Some mistakenly believe that, because they have been justified by faith, they do not have a responsibility to live by faith. This false notion is contrary to the teachings of Romans. The late Jerry Bridges wrote of a time in his life when he had adopted this false notion:

“During a certain period in my Christian life, I thought that any effort on my part to live a holy life was ‘of the flesh’ and that ‘the flesh profits nothing.’ I thought God would not bless any effort on my part to live the Christian life, just as He would not bless any effort on my part to become a Christian by good works. Just as I received Christ by faith, so I was to seek a holy life only by faith. Any effort on my part was just getting in God’s way,” (Bridges, The Pursuit of Holiness, pp. 78-79).

Well, Bridges was right about one thing during this time of his life: we can only accomplish what God has called us to do by faith. However, God precepts require that we walk according to faith, that we do according to faith, that we actively work according to faith. So, just as we are justified according to faith, we are called to live the Christian life according to faith. As we will see in this article and the next, this Christian life is one of relationships: relationships within the local church, within the church universal, and between us and governing authorities.

Body Life

In Romans 12, he urges by the mercies of God that the church of Rome be merciful toward one another in the local church. In this way, he first turns the church inward, drawing them to one another for strength and support for the road ahead. First, he tells them not to be conformed to the image of the world, but be transformed by the renewing of their minds (vs. 2). Paul does not tell his readers to remove themselves from the world, but rather to resist being conformed by it. Thus, they will escape two errors: conformity to the world and isolation from it. The task to which we are called requires much more faith and trust than merely seceding from the public square. Having been saved by faith, we are called to resist conformity to the world by faith while we sojourn in it. This imperative is necessary in our day, for one reason, because our conformity to the world can easily sap the strength of our Christian witness.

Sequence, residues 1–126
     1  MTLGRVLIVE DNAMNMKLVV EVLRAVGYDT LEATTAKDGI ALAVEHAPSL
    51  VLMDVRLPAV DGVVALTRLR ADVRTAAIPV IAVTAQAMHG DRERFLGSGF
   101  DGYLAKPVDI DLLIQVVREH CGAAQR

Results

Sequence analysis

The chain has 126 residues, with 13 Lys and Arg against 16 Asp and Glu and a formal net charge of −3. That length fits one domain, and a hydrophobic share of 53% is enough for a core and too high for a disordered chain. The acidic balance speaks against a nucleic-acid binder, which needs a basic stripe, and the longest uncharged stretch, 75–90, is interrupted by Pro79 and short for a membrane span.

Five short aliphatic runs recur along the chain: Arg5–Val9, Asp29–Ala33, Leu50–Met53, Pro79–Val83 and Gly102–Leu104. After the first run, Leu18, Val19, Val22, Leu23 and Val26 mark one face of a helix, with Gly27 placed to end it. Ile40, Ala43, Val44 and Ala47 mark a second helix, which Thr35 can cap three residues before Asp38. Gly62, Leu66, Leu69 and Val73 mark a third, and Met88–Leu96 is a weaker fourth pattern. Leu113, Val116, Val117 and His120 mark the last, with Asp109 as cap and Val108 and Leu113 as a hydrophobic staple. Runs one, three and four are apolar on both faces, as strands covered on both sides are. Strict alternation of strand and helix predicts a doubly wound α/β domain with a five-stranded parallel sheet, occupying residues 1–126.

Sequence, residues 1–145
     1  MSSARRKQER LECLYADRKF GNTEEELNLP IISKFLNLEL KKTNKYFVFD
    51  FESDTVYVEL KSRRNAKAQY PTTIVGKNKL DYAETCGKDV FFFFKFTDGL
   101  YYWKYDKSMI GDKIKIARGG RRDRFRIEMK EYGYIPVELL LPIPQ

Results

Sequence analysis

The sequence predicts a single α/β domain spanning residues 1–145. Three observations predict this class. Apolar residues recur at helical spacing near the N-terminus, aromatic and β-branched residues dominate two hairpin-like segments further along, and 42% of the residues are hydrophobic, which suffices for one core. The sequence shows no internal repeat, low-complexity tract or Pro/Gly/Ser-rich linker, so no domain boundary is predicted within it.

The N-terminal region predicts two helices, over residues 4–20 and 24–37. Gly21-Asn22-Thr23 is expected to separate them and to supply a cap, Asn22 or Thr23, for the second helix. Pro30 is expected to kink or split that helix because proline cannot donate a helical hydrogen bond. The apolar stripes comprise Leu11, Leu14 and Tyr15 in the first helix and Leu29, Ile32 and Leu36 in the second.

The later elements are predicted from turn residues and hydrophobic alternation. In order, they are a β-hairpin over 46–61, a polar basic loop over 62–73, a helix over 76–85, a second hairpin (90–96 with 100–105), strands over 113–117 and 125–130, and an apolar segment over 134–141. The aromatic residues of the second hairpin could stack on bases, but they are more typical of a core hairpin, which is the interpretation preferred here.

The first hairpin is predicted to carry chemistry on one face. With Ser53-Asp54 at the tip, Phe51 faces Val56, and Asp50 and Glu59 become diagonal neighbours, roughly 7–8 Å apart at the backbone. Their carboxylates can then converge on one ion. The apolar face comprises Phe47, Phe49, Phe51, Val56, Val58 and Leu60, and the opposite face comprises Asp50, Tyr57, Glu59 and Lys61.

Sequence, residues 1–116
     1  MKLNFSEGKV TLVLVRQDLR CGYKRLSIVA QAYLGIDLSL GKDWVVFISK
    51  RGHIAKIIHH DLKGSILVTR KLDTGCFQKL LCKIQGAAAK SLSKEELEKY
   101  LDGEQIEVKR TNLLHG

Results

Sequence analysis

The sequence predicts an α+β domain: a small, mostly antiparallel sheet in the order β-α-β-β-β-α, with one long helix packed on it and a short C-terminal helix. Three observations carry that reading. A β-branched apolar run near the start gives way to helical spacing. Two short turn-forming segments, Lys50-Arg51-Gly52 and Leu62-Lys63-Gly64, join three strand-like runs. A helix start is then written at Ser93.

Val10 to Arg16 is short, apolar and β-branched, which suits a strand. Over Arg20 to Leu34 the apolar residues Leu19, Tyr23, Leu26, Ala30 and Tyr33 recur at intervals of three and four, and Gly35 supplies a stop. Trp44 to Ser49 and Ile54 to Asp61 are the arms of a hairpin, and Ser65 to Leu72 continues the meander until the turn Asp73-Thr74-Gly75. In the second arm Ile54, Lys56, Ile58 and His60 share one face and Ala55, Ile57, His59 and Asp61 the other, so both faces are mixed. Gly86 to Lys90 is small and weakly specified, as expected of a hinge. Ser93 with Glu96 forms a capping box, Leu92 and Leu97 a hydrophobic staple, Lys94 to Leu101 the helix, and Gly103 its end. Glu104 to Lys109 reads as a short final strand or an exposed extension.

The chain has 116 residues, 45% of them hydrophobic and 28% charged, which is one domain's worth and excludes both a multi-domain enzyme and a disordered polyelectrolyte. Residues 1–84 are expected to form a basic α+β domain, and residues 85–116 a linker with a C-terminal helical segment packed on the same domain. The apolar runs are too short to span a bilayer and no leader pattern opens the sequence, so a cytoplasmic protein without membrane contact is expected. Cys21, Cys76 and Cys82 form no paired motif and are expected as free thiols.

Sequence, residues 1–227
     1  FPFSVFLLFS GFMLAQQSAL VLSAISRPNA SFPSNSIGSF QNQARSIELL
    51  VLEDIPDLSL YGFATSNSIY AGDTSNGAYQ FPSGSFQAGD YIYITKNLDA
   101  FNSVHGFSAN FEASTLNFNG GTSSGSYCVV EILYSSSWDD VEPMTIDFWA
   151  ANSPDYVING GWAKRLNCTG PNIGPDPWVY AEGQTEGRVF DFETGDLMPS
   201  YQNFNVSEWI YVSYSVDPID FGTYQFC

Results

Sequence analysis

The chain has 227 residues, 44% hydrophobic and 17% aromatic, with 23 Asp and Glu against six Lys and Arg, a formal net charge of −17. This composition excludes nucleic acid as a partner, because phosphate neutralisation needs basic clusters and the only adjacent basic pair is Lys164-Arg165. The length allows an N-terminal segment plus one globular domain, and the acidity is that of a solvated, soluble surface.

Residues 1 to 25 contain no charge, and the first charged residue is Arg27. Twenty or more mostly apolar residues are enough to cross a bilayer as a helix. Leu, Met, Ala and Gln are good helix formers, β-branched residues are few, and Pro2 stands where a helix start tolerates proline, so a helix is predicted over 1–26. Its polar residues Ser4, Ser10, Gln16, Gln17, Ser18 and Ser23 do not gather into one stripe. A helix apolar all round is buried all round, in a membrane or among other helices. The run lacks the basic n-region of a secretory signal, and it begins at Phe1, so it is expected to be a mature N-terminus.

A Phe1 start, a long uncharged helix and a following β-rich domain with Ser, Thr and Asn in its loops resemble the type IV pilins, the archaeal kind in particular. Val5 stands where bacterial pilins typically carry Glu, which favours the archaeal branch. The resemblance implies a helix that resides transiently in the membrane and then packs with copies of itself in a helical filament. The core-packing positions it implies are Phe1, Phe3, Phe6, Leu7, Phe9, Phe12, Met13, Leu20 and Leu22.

Notice that Paul’s first exhortation focuses on the mind of the believer. Prior to our initial repentance, we thought according to the precepts of this world, but when the Holy Spirit awakened us, our minds were changed. The mind is central because transformation comes from a renewed mind.